Accurate fetal sex determination can be performed by visualization of the external genitalia of the fetus. Fetal Sex Determination by Ultrasound is performed routinely as part of a comprehensive assessment of the fetus and placenta. All of the information usually included in a report for an obstetrician is immediately available to you at the time of your visit. Details of the health and sex of your unborn baby are demonstrated to you during the ultrasound exam. A VHS videotape with the doctor's voice narration can be made at the time of the exam at no extra charge. The VHS video tape is yours to keep as an electronic souvenir.
Seeing the developing fetus may enhance your bond. Knowledge of the sex of the fetus also may further enhance bonding.
Please let us know if you do not want to know the sex of the fetus.
What is FASA sm?
FASA sm stands for Fetal Anatomical Sex Assignment, a procedure developed by Dr. John D. Stephens, M.D., F.A.C.O.G. He has over 26 years experience doing obstetric ultrasound scanning. By using the method he has patented in the U.S., he is able with 100% guaranteed accuracy to tell you the sex (gender) of your unborn fetus from the third month onwards in pregnancy. We currently have obstetrics and sonography offices in Palo Alto, CA and Blaine, WA.
This painless and safe method of ultrasound scanning, which has been over the years approved by both the medical authorities in the U.K. and the United States as totally safe, can help you as the parents of the unborn fetus to bond with your baby. As well as finding out the sex of the baby for you, we do a full health check on the baby to put at rest any fears you might have.
Accuracy of the technique of fetal sex determination by ultrasound (100%) was first established in 1983, when sex predicted by ultrasound was compared to subsequently obtained sex of the chromosomes obtained from genetic amniocentesis ("essentially 100% accuracy" New England Journal of Medicine, October 20, 1983).
- A new technique, FASA sm permits accurate fetal sex determination of a male and female at 12 weeks at gestation age (GA) (from the first day of the last day of the last menstrual period).
- 100% accurate.
No harmful effects of real time ultrasound have been shown in ongoing studies in United States, Canada and Europe. Your doctor can explain why an ultrasound examination is recommended.
It is routine recommendation to have an ultrasound examination throughout pregnancy to study the fetus for reassurance. In early pregnancy, ultrasound is used to accurately date the pregnancy, to check for twins and also check the early development for reassurance. At Koala Labs in Palo Alto, CA and Blaine, WA, we perform this examination during 12-14 weeks of GA. There are good reasons for having ultrasound in the first and also second and third trimester.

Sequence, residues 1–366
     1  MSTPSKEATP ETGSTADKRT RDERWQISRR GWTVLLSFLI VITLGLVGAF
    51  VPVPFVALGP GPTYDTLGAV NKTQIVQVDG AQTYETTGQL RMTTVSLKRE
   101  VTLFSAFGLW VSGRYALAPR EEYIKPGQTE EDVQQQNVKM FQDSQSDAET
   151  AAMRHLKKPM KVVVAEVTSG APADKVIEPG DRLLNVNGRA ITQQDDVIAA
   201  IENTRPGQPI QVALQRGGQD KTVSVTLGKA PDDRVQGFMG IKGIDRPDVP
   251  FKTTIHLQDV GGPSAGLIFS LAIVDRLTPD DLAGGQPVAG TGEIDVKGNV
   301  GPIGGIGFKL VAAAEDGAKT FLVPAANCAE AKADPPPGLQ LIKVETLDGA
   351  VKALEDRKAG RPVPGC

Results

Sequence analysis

The external genitalia of the fetus appears to be identical at 10 weeks from the first day of the L.M.P. occurs over the following two weeks. It becomes possible to accurately (100%) determine male and female in the 12th week GA. If the pregnancy is less than 12 weeks from the L.M.P., a repeat FASA sm sonogram may be needed to provide the 100% accuracy.
Those couples that wish to have a FASA sm should have had their appointment based upon having had a prior dating ultrasound study. There are many reasons for having an ultrasound in the first trimester. A prior ultrasound study is highly necessary for those people traveling long distances. This will ensure that your FASA sm study will be performed in the 12-14 weeks G.A. from the L.M.P. (or 10-12 weeks of fetal age development). In this way, Koala Labs can provide you with the assurance of "essentially 100% accuracy" of the fetal sex determination.
- United States Patent
- Patent Number: 4,986,274
- Date of Patent: January 22, 1991
- Fetal Anatomic Sex Assignment by Ultrasonography During Early Pregnancy
- Inventor: John D. Stephens
- Certificate of Grant of Patent UK
- In accordance with Section 24(2) of the Patents Act, 1977, it is hereby certified that a patent having the specification no. 2166240 has been granted to John D. Stephens, in respect of an invention disclosed in an application for that patent having a date of filing of 16 October 1985 being an invention for "Fetal anatomic sex assignment by ultrasonography during early pregnancy."
- Dated this Twenty-first day of June 1989 (Mewburn Ellis & Company patent law firm London, UK)
Form for Early Pregnancy Fetal Anatomic Sex Assignment by Ultrasound (F.A.S.A)
Poster for Internation Symposium on First Trimester Fetal Diagnosis
Is Ultra-Screen® a screening test?
Yes. In the field of prenatal testing, screening is especially applicable since the diagnostic tests for Down syndrome and trisomy 18 (Chorionic Villus Sampling or Amniocentesis) can cause pregnancy complications or, in rare cases, a miscarriage. Therefore, it is not practical to provide diagnostic testing to all pregnant women. Instead, the screening test is performed first. The screening test provides the patient with a risk that their pregnancy may be associated with Down syndrome or trisomy 18. If the risk is high, the patient may then decide that they are interested in a more definitive result by undergoing the diagnostic test. It is important to remember, however, that patients with an elevated risk have not been diagnosed as having a pregnancy associated with Down syndrome or trisomy 18. The vast majority of such patients give birth to a healthy child. Patients with a low risk for Down syndrome and trisomy 18 can be reassured about the health of the baby.
What is Ultra-Screen®?
Ultra-Screen® is a first-trimester prenatal screening protocol designed to provide patient specific risk for Down syndrome, trisomy 18 and other chromosomal abnormalities. Ultra-Screen® combines ultrasound measurement of the fluid accumulation behind the neck of the fetus (nuchal translucency) with maternal serum markers and is the earliest and most effective Down syndrome screen available.
How is Ultra-Screen® performed?